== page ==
1976 WFA Cup Final (partially found footage of football match; 1976)

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Southampton celebrating their fifth Final victory.

Status: Partially Found

The 1976 WFA Cup Final (also known as the 1976 Mitre Challenge Trophy Final) culminated the 1975-76 WFA Cup season. Occurring on 25th April 1976 at Bedford Town's The Eeyrie, it featured Southampton defeating Queen's Park Rangers (QPR) 2-1 after extra time, which would be the first of three consecutive Finals featuring the two clubs. This Final was also the first to be televised.


Heading into the Final, Southampton were the defending champions.[1][2] Their road to the Final from the Second Round onwards consisted of beating Droitwich, Warminster, Cope Chat, Kays, and Brighton and Hove Albion.[3] Meanwhile, QPR's campaign from Round 1 saw it overcome Tottenham Hotspur, Birmingham City, Notts Rangers, Carr Fastener, Watford, and Belle Vue.[3] This was QPR's first ever Final, whereas Southampton had won four of the first five WFA Cup Finals.[1][2]

With Football League sides again refusing to host the Final, the WFA instead forged an agreement with Southern League club Bedford Town to stage the Final at its ground The Eeyrie for the third time.[2] 1,500 were said to have attended the game.[4][2] However, the Final received more coverage than its predecessors, as BBC cameras were in attendance, capturing footage that would then be showcased on its Cup Final Grandstand six days later.[5][2] It would serve as a prelude to the men's FA Cup Final between Manchester United and Southampton.[2][5]

The Match

The Final itself occurred on 25th April 1976.[2][4] Southampton defender Maggie Kirkland put her side in front, although it is currently unknown when she scored.[2][4] At some point, Southampton conceded a free kick, allowing QPR's captain Margaret McGroaty to fire the ball from 35 yards into the goal's far side, thus securing an equaliser that according to A History of the Women's FA Cup Final, was "would have been worthy of a Wembley final itself."[2][4] Neither side were able to score again in the 80+ minutes allocated, WFA Cup Finals not lasting 90 minutes until the 1990 edition.[2][4]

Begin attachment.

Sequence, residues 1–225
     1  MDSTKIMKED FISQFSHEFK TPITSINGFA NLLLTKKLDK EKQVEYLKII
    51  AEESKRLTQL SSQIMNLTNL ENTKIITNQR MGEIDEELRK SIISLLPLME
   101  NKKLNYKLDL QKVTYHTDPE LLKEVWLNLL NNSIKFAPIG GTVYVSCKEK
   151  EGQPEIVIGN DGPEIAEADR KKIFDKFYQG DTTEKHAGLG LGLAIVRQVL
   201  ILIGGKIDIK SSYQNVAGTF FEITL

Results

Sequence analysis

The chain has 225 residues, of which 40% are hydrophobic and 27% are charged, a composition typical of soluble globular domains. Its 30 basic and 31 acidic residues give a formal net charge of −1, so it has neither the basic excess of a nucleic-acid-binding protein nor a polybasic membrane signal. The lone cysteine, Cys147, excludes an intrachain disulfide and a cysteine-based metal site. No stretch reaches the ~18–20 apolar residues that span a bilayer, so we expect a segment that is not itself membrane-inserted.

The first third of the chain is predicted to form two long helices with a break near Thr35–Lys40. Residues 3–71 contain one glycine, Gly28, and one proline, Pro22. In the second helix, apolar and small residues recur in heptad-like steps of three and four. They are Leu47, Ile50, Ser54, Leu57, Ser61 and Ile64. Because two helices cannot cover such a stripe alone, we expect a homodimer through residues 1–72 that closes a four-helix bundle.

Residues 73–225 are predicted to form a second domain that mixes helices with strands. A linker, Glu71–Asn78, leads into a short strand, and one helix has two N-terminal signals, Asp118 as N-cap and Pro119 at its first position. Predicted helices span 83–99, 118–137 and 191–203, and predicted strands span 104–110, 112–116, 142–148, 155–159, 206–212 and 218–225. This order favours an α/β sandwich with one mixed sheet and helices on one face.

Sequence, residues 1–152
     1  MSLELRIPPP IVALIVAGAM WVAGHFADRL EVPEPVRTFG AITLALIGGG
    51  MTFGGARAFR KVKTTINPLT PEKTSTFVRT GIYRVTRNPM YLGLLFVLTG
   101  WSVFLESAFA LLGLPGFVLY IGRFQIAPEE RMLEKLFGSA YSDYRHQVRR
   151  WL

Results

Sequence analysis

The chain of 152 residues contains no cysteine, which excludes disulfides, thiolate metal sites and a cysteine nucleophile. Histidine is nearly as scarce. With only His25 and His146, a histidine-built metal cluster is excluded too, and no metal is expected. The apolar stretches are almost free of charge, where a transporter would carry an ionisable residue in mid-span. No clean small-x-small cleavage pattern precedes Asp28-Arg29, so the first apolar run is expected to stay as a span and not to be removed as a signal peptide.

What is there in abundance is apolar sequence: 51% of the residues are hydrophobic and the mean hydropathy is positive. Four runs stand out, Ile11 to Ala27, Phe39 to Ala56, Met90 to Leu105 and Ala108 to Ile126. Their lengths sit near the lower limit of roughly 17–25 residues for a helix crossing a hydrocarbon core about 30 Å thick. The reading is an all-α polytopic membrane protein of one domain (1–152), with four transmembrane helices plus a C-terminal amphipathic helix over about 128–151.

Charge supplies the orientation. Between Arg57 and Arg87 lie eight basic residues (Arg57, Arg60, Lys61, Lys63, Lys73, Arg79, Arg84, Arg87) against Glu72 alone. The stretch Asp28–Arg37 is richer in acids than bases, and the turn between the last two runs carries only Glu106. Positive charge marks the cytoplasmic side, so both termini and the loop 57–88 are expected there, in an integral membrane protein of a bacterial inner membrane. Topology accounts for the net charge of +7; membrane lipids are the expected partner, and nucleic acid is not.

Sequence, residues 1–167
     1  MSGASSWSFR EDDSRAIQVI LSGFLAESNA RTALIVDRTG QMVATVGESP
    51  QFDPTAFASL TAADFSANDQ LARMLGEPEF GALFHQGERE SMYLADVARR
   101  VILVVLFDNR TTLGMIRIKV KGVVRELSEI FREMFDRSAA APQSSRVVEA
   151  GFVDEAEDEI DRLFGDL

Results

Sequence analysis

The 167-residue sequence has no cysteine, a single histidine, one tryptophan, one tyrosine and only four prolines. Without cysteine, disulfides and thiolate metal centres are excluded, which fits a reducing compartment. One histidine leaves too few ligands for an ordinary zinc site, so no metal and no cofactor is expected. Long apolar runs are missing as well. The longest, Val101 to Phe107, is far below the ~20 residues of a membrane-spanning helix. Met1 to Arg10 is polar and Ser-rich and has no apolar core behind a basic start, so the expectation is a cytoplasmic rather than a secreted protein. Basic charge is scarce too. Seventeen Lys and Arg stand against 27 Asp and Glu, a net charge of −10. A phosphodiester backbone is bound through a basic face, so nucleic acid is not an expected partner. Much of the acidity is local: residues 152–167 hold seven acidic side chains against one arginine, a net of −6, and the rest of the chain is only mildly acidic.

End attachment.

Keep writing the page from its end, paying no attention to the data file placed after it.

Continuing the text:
Thus, 30 minutes of extra time was played, the first instance where this occurred at WFA Cup Final.[2] Despite QPR controlling possession for much of the game, it was Southampton that secured the winning goal, courtesy of Pat Davies successfully lobbing the ball over QPR goalkeeper Pat Cavanagh.[2][4] This marked Davies' fourth instance of scoring at WFA Cup Final, after the 1971, 1974, and 1975 editions.[2] Despite the team's success, it resulted in boos from some of the crowd as they lifted the trophy, with A History of the Women's FA Cup Final interpreting this as the crowd being tired of Southampton's dominance, this being its fifth Cup win in six years.[2][1] Additionally, although not affiliated with the men's side, it was the first instance of both FA Cup winners sharing the same team name, as the Southampton men's side defeated Manchester United 1-0 in the Final.[2] This would not occur until both Arsenal clubs won the 1993 editions.[2][1]

A History of the Women's FA Cup Final was able to interview QPR forward Sandra Choat, who stated how the loss "devastated" her team.[2] She claimed "We had 80 per cent of the possession. We dominated the game but somehow lost it. Games between QPR and Southampton were always close, but in this one despite what the scoreline says, we had the better of the match."[2][1] Nevertheless, QPR would gain vengeance in the subsequent WFA Cup Final in 1977, with both clubs also facing each other in the 1978 Final.[2][1]


As noted in issue 2,738 of Radio Times, 20 minutes of highlights was televised on BBC One on 1st May 1976, with commentary being provided by John Motson.[5] This broadcast has yet to resurface, however. Additionally, A History of the Women's FA Cup Final was only able to find "surviving footage" of the match despite its extensive research, indicating the uncut tape of the event is also missing.[2] Nevertheless, two minutes of highlights, including of Davies' free kick, can be found in a Reuters video. Photos of the match can also be found online and in A History of the Women's FA Cup Final.[2]



See Also

External Link